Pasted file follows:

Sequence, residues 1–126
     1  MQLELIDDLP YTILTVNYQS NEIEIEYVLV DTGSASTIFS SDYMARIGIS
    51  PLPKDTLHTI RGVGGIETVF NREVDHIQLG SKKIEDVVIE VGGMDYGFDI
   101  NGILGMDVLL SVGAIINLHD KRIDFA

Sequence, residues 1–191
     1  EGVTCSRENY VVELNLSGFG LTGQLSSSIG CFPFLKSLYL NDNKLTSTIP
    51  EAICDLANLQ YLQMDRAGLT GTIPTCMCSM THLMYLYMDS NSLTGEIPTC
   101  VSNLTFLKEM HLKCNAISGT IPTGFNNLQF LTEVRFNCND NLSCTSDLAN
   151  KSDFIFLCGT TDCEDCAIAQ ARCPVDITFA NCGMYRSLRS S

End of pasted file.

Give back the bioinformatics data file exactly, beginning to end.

Sequence, residues 1–126
     1  MQLELIDDLP YTILTVNYQS NEIEIEYVLV DTGSASTIFS SDYMARIGIS
    51  PLPKDTLHTI RGVGGIETVF NREVDHIQLG SKKIEDVVIE VGGMDYGFDI
   101  NGILGMDVLL SVGAIINLHD KRIDFA

Sequence, residues 1–191
     1  EGVTCSRENY VVELNLSGFG LTGQLSSSIG CFPFLKSLYL NDNKLTSTIP
    51  EAICDLANLQ YLQMDRAGLT GTIPTCMCSM THLMYLYMDS NSLTGEIPTC
   101  VSNLTFLKEM HLKCNAISGT IPTGFNNLQF LTEVRFNCND NLSCTSDLAN
   151  KSDFIFLCGT TDCEDCAIAQ ARCPVDITFA NCGMYRSLRS S